I was an adult before I realized that’s also what’s wrong with fairy tales. I’m not in them. Only two people in each story get that HEA, while everybody else in the entire friggin kingdom…doesn’t. And that’s the real problem with fairy tales. They’re the lottery. We know, objectively, that the odds against being the powerball winner are a bazillion to one. But why shouldn’t that one be me? So we buy millions of lottery tickets anyway. And we know just as objectively that the odds against being the ones silhouetted against the sunset with the words “happily ever after” across the page are just as unlikely.
But the reason fairy tales (and lotteries) are so successful is that there’s a chance we’ll win. If not a boatload of lottery millions, then at least the happily ever after.
And that’s why we love fairy tales. And why we hate them.
Midnight Sisters by Sarah E. Boucher
Do not meddle with the Master’s daughters.
The words rattle around Jonas’s head. What is the punishment again? Death? Dismemberment? Jonas, the newest addition to the gardening staff, can’t recall the exact penalty for breaking the rule. What does it matter anyway? He would never dream of meddling with the Earl of Bromhurst’s haughty daughters.
Until he comes face to face with Lady Ariela, the eldest of the Master’s daughters.
Her elusive smile and open manner cause him to question his convictions. In no time, he’s drawn into Lady Ariela’s world of mystery and intrigue, a world where she and her sisters will do anything—including leaving twelve empty beds at midnight—to escape their father’s strict rules.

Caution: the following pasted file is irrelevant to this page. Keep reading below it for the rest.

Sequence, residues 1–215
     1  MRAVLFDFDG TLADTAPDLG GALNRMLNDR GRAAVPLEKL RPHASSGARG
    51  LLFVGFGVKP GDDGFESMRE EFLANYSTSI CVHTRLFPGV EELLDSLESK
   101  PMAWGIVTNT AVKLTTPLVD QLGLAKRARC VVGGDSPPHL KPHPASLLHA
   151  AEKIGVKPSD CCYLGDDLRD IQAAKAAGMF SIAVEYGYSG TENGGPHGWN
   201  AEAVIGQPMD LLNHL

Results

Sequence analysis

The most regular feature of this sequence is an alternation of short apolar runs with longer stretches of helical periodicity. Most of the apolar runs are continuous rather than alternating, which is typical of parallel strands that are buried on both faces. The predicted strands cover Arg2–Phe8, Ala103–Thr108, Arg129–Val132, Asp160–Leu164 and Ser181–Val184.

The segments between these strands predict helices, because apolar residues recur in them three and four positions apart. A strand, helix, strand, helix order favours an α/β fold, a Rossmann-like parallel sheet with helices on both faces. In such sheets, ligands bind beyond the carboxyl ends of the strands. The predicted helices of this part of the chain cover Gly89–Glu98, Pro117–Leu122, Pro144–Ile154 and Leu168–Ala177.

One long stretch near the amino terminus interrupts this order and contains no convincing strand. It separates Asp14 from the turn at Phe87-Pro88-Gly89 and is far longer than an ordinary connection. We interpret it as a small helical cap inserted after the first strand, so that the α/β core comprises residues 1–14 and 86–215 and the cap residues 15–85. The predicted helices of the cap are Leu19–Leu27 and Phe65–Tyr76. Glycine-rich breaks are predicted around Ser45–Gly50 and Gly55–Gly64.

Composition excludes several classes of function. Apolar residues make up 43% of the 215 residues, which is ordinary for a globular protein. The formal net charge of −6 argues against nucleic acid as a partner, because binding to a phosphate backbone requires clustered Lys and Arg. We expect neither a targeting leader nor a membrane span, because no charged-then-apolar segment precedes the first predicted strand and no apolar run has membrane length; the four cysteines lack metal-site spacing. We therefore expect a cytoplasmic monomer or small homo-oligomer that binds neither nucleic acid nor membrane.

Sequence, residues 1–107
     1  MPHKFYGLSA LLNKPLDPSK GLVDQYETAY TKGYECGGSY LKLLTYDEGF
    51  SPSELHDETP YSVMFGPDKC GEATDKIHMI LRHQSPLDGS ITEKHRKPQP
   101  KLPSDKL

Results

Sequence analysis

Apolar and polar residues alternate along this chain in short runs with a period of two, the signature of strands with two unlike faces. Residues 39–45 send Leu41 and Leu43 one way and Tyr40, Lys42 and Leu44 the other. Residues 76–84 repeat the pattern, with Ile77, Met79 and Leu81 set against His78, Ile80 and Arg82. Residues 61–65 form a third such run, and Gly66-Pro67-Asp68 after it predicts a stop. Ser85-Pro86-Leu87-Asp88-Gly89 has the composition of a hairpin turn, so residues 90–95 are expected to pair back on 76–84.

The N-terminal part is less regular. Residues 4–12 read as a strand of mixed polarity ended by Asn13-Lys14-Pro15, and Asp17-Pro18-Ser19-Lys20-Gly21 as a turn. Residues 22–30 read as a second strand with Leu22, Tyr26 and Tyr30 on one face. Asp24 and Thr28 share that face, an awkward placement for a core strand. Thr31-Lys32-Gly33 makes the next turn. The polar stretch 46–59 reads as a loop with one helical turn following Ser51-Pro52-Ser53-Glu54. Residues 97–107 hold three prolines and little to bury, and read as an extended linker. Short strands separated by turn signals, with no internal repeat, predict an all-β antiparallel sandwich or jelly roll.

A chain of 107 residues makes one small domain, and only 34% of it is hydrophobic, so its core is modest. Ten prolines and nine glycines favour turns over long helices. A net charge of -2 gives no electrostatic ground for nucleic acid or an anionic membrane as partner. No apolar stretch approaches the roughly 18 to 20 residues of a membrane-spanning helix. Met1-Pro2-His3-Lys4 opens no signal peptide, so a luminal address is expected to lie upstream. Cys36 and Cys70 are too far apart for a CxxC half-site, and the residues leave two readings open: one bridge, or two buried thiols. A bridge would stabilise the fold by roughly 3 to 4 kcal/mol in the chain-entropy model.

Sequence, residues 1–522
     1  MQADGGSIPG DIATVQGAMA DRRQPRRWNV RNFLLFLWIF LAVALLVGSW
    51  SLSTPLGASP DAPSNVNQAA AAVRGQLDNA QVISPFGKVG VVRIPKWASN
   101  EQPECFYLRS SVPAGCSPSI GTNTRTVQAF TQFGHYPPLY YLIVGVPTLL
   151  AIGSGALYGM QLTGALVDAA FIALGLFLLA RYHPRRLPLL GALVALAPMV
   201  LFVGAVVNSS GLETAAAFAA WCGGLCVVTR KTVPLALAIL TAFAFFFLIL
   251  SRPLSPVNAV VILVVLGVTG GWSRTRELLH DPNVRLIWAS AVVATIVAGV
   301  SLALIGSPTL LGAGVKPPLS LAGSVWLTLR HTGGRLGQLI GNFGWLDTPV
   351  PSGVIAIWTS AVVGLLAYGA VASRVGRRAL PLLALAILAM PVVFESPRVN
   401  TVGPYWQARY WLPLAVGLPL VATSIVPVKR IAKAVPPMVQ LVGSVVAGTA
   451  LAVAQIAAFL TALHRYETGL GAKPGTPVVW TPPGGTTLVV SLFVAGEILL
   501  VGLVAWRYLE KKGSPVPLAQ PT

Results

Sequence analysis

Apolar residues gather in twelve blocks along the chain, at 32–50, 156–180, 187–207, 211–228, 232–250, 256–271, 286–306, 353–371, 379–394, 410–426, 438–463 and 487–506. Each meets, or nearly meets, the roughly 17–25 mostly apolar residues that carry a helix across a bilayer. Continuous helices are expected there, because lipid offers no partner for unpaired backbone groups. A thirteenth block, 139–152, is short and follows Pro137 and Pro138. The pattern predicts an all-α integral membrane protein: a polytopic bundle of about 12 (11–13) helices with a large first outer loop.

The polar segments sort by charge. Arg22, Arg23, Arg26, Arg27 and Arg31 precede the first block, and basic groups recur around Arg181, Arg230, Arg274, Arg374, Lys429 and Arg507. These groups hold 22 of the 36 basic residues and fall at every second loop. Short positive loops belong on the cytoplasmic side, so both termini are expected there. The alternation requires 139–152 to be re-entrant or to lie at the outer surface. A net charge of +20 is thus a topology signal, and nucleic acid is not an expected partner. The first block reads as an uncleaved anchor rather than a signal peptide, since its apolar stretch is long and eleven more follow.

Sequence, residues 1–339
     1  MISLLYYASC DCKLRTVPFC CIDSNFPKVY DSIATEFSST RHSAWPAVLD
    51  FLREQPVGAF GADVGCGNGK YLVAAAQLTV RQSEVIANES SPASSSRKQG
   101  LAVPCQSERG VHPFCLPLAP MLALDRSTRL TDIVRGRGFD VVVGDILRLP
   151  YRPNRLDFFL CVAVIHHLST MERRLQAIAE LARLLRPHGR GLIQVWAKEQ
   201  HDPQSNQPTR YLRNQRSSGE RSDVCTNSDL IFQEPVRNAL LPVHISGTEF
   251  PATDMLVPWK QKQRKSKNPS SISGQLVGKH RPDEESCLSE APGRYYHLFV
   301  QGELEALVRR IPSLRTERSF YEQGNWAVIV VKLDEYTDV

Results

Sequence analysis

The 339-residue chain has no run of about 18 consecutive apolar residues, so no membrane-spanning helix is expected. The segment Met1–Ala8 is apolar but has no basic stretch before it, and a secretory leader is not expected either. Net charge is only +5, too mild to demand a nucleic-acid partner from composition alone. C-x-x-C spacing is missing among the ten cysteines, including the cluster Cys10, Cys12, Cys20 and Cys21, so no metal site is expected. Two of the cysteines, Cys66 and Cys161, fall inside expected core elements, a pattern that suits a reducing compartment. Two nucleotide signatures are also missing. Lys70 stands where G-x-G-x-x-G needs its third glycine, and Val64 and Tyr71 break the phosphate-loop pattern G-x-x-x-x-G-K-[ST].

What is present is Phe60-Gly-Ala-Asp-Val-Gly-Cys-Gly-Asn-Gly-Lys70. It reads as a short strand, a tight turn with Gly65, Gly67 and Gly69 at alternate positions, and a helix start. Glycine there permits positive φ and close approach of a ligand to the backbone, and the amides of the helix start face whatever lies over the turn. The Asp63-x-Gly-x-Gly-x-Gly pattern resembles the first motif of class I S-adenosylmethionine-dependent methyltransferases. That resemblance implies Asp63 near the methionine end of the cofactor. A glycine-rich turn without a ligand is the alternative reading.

Only Jonas can uncover the truth and save them from their father’s wrath and their own folly, if he is willing to risk everything he’s ever worked for.
What is it about fairy tales that keeps us coming back to them, reimagining their details and reinventing their meanings with almost every generation? University of Chicago professor Armando Maggi who studies fairy tales, says:
We cannot live without mythology. It’s the way we reason, the way we survive, the way we make sense of our world. It’s just that the stories we’ve been using—mythic stories, fairy tales, legends—they’re not working anymore. We need something new. What we long for is a remythologization of reality. (—Armando Maggi, University of Chicago Magazine, 11 June, 2012)